Seven dead in new California shooting as police probe dance hall killings
The latest bloodshed to hit Asian Americans in California occurred at two farms around Half Moon Bay, a coastal community near San Francisco
HALF MOON BAY, United States: An Asian farm worker was in custody Monday after seven of his colleagues were killed in front of children at sites in California, days after a mass shooter killed 11 people at a Lunar New Year celebration near Los Angeles.
The latest bloodshed to hit Asian Americans in California occurred at two farms around Half Moon Bay, a coastal community near San Francisco.
San Mateo County Sheriff Christina Corpus said seven people were killed and one injured in the twin shootings, and that a 67-year-old Half Moon Bay resident named Chunli Zhao had been taken into custody.
As the new tragedy unfolded, detectives at the southern end of the state were still probing what drove an elderly Asian immigrant to shoot dead 11 people gathered in celebration at a suburban dance hall -- before taking his own life as police closed in.
Both suspects used semiautomatic handguns in their assaults, and both appeared to have connections to at least some of their victims.
Corpus said deputies had been dispatched to two nurseries around Half Moon Bay, a rural spot south of San Francisco, mid-afternoon Monday.
Four people were dead at one of them and one critically wounded.
"Shortly thereafter three additional victims were also located deceased with gunshot wounds at a separate shooting scene," she told reporters.
"There's people that live at the location as well... it was in the afternoon when kids were out of school and for children to witnesses it is unspeakable," she said.
Corpus said Zhou then drove to a sheriff's substation in Half Moon Bay where ABC7 crews captured dramatic footage of his arrest as he was pulled to the ground by armed officers.
"Zhao was taken into custody without incident and a semi-automatic handgun was located in his vehicle," Corpus said.
Reports said the dead are Chinese farmworkers, and that Zhao had worked at one of the farms.
Probing the motive
News of the fresh carnage came as detectives just a few hundred miles (kilometers) away in Monterey Park were trying to piece together why Huu Can Tran gunned down revellers gathered at a dance studio for Lunar New Year on Saturday night.
Los Angeles County Sheriff Robert Luna said Monday that Tran, who had been arrested in 1994 for unlawful possession of a firearm, fired 42 rounds in the attack.
But, he said, much was still unknown.
"What drove a madman to do this? We don't know. But we intend to find out," he told reporters.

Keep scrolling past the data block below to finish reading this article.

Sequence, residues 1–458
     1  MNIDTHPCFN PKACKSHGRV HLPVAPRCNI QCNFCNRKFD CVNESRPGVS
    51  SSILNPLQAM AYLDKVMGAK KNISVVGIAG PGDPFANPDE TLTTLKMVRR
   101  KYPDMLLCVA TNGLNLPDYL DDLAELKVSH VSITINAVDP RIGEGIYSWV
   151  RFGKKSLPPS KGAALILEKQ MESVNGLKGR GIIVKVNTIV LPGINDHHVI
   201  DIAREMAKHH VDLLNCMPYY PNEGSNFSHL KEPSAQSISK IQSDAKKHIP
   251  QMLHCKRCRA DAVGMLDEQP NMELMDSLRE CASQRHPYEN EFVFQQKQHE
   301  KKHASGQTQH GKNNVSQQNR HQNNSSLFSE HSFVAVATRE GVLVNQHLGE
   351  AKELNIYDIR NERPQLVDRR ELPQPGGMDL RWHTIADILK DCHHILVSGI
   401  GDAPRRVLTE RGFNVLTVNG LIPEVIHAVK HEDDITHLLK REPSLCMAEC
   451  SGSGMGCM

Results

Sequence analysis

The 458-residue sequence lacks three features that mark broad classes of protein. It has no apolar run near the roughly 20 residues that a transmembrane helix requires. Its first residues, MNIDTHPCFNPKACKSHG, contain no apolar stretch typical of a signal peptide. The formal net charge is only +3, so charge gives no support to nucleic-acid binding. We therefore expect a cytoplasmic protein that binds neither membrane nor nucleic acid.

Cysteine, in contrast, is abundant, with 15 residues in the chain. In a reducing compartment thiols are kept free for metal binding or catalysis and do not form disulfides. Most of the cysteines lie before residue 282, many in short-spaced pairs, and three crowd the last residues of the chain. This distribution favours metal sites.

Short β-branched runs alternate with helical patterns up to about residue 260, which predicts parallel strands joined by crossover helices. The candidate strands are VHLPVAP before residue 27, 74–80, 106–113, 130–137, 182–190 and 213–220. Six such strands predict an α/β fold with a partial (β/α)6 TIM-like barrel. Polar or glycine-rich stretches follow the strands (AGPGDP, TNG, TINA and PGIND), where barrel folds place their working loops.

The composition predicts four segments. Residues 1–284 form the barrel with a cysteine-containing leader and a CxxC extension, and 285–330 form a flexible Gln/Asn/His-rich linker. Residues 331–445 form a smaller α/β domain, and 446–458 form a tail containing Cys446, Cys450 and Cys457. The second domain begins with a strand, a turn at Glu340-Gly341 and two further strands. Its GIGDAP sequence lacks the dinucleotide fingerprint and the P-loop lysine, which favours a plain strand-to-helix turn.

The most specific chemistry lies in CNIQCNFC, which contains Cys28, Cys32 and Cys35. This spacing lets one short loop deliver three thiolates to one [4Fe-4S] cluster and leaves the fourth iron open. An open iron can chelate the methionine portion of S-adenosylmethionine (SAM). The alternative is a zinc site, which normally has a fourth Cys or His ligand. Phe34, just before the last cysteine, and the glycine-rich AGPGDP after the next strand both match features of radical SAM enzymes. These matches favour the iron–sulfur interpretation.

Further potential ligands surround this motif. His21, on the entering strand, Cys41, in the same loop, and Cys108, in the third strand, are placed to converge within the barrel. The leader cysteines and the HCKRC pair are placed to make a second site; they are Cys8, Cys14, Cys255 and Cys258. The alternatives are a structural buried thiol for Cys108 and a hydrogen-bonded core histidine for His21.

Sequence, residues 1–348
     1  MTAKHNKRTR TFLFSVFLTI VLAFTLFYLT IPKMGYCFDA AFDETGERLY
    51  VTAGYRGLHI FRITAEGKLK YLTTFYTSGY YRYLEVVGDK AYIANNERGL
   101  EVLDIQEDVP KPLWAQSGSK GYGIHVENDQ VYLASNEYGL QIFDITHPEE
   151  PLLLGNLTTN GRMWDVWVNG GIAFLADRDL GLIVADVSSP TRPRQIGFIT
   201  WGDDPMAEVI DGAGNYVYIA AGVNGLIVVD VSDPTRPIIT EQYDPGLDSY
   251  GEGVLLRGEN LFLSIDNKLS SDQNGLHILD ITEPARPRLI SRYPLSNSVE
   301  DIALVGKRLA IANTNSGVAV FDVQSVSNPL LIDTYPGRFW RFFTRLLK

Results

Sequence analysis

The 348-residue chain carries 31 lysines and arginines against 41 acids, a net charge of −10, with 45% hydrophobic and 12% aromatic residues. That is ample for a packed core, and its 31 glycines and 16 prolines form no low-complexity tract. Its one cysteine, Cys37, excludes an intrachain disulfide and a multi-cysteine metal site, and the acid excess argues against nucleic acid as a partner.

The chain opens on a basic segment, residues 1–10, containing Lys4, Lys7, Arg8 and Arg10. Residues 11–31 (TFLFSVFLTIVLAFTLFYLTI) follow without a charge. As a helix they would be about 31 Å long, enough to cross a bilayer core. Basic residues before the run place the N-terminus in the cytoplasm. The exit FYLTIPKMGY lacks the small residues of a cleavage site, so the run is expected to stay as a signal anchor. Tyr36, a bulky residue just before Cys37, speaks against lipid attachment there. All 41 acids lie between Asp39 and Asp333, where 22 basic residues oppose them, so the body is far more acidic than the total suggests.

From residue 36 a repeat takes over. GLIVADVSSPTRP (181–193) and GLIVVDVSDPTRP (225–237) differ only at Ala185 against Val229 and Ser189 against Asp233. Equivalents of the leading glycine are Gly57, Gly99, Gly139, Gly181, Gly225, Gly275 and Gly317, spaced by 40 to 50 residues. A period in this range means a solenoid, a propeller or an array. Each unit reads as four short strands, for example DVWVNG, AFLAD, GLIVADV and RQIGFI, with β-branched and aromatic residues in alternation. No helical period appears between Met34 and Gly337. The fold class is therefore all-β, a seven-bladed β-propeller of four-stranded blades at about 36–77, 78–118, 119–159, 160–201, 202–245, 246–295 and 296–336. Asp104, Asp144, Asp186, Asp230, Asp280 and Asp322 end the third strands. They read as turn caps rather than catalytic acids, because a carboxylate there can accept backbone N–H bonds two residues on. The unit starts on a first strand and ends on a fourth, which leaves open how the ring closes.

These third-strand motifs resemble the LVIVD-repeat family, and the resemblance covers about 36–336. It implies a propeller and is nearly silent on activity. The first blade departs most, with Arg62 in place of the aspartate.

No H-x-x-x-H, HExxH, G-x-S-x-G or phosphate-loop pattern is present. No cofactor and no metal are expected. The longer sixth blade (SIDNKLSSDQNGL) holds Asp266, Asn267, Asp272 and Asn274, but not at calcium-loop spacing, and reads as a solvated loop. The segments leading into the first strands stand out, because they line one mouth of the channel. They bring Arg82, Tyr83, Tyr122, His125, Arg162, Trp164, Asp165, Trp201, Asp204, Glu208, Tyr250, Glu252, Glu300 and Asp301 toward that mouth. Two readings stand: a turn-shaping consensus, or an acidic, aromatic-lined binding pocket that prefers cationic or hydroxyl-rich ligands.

Luna confirmed officers had been told Tran may have been known to some of his victims, but said there was currently no evidence he was related to any.
News of a second mass shooting in California in less then 48 hours spread ripples of shock through the state, which already has some of the strictest firearm laws in the United States.
An exasperated Governor Gavin Newsom, who had earlier Monday been in Monterey Park where he lashed out at federal inaction over guns, called it another "tragedy."
"At the hospital meeting with victims of a mass shooting when I get pulled away to be briefed about another shooting. This time in Half Moon Bay. Tragedy upon tragedy," he tweeted.
Saturday night's mass shooting was the worst in the United States since a teenage gunman in Uvalde, Texas killed 21 people at an elementary school last May. All but two were children.
On Monday a picture began to emerge of the culprit in Monterey Park, a man who, according to his marriage license, had immigrated from China, and who had been a regular at the Star Ballroom Dance Studio in the past.
Tran's ex-wife told CNN the couple had met there two decades ago when he offered to give her informal lessons.
The woman, who did not want to be named, said they married a short time later, but the relationship did not last, with the divorce finalized in 2006.
She said Tran, who sometimes worked as a truck driver, was not violent, but could be impatient.
A man who said he had previously known Tran said he would complain about dance teachers, who, he claimed, would say "evil things about him", CNN reported.
He was "hostile to a lot of people there," the man told the broadcaster.
Detectives who searched a mobile home where Tran had been living in Hemet, 85 miles (140 kilometers) east of Los Angeles, recovered a rifle, electronics and ammunition, Luna said.
Police in the city said earlier this month Tran had made "fraud, theft, and poisoning allegations involving his family in the Los Angeles area 10 to 20 years ago."
'Her last dance'
The family of 65-year-old My Nhan said the tragedy was "still sinking in."
"She spent so many years going to the dance studio in Monterey Park on weekends," a statement said.
"It's what she loved to do. But unfairly, Saturday was her last dance.
Amid the grief, one tale of heroism has given hope as 26-year-old Brandon Tsay revealed how he grappled with Tran as the elderly man arrived at another dance studio, in what police believe was a planned second attack.
"He was hitting me across the face, bashing me in the back of my head, I was trying to use my elbows to get the gun away from him," Tsay told ABC.
"Finally, at one point I was able to pull the gun away from him, shove him aside, create some distance, point the gun at him, intimidate him, shouting, 'Get the hell out here. I'll shoot. Get away. Go.'"